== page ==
I have all of the older Evan-Moor continent unit books, and frankly, I like them more than these fresh ones. There are a lot of more "core focused" activities in this book, but the pages are filled with text. There are fewer creative projects as well. At $20, these books are much more expensive as well. The pro's for this book are: it is much larger than the older copies, with a lot of more activities to choose from. I am using selections to supplement a unit study we are doing, and I have plenty of activities available to drive home any number of geographical topics. That said, I do have a copy of the old Africa book, and most of the activities I am planning are coming from it.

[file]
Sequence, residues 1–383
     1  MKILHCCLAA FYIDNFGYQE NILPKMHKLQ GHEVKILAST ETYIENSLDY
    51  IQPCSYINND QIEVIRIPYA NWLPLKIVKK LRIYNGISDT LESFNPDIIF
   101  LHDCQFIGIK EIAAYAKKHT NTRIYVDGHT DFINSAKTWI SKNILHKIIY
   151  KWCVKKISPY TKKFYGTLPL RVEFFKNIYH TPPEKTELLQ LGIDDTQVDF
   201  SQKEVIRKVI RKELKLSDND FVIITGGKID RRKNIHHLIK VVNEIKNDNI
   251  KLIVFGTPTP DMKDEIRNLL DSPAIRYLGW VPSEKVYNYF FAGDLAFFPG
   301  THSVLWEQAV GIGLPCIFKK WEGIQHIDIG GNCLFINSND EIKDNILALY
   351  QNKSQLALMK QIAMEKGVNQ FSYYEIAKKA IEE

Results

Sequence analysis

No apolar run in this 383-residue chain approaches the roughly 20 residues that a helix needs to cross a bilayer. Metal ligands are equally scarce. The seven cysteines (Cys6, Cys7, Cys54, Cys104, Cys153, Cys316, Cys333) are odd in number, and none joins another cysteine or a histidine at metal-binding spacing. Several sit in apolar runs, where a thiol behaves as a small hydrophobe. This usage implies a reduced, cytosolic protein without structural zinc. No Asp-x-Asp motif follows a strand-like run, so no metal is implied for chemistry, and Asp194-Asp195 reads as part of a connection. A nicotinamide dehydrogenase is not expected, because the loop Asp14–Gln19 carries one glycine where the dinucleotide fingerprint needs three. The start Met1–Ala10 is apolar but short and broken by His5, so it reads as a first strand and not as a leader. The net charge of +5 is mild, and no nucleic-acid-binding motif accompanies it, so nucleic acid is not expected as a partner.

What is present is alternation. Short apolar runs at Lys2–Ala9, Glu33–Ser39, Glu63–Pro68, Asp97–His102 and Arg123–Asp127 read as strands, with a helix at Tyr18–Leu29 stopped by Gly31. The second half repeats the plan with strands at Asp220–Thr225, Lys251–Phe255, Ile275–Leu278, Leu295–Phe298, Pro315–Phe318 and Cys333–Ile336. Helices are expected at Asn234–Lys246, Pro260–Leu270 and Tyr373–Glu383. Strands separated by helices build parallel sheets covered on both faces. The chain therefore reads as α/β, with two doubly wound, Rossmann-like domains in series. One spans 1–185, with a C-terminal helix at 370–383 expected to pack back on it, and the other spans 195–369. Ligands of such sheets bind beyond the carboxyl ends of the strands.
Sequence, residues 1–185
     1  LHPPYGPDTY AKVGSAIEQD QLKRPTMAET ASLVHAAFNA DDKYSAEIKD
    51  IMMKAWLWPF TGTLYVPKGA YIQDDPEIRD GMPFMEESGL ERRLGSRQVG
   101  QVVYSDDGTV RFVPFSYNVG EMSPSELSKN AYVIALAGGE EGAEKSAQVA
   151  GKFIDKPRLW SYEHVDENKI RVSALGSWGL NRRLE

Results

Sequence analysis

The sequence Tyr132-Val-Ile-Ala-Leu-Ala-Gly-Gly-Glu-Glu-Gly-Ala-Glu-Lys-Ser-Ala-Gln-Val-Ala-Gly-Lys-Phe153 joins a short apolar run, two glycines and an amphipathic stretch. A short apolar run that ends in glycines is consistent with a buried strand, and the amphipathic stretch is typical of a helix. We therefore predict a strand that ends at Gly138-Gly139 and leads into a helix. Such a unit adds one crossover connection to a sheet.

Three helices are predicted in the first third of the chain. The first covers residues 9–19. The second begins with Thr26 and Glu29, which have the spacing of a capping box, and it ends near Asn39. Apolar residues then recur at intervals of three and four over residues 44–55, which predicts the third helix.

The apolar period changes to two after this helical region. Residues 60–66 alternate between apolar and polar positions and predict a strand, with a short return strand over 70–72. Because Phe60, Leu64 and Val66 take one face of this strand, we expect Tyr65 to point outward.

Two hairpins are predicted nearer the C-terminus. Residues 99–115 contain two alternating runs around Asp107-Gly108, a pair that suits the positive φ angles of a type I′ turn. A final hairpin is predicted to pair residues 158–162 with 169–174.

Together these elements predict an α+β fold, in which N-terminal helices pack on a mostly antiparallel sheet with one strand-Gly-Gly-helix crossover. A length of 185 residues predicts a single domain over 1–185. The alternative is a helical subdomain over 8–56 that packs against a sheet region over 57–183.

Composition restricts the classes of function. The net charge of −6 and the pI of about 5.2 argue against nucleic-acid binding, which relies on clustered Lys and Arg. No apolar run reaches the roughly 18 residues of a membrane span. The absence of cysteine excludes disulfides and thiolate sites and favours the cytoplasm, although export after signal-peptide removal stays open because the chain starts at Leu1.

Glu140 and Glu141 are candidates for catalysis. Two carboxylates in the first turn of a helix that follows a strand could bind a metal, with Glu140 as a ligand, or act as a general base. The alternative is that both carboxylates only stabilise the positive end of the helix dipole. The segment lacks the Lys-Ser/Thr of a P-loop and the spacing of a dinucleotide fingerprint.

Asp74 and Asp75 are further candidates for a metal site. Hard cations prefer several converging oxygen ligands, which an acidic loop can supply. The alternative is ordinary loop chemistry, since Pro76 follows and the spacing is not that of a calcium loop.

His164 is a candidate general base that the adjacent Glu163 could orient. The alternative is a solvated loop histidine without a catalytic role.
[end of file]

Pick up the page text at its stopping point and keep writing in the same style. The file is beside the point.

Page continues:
If, like myself, the magnificent seven is one of your all-time favorite movies, this may not be the right collection for you. I would recommend the two disc unique edition of it with lots of additional features and interviews behind the scenes. I was curious to see The three sequels. Of course none of them have the rising stars that shot to fame after the magnificent seven. Robert Vaughn, Charles Bronson, Steve McQueen and James Coburn. Not to mention the superb Eli Wallach as The villain. The first sequel stars Yul Brynner reprising his role as Chris. Although only six years later he does not seem as robust and healthy. Perhaps the cancer was starting to show. He walks rather stiffly and looks rather gaunt in the face and neck. He does bring a screen presence to his role and helps to elevate a mediocre movie. Robert Fuller plays the part that Steve McQueen had in the first film. Apparently he and Brynner got on much better than when Steve McQueen was in the role. Unfortunately Fuller is not given much possibility to present what he can do, which fans of the series Laramie will know. Claude Akins has the only other interesting role. Note that all of the melody is lifted from the first movie and chop and pasted into the scenes for the sequel. As amazing as the melody was, this only makes it seem more of a copy, cashing in on the original. This is real for all of the sequels. Then George Kennedy took up the role of Chris in another sequel. He is a very likable actor and a amazing supporting star, but definitely not a leading man. Again a reworking of the original movie but at a much lower standard. The fourth movie stars Lee Van Cleef as Chris, and his hero is developed in some interesting ways. The formula is slightly changed and there is even a small original music. This is perhaps the best of the sequels. If you don’t expect much and view the sequels as separate films rather then more of what you would expect from the magnificent seven, you may have fun this. It really goes to present the quality of the first movie with its lean, punchy script, the brilliant skills of John Sturges the director, the wonderful casting and the music. Not to mention staying close to the Japanese movie on which it was based, the seven samurai. I will probably be dropping this off at the thrift store.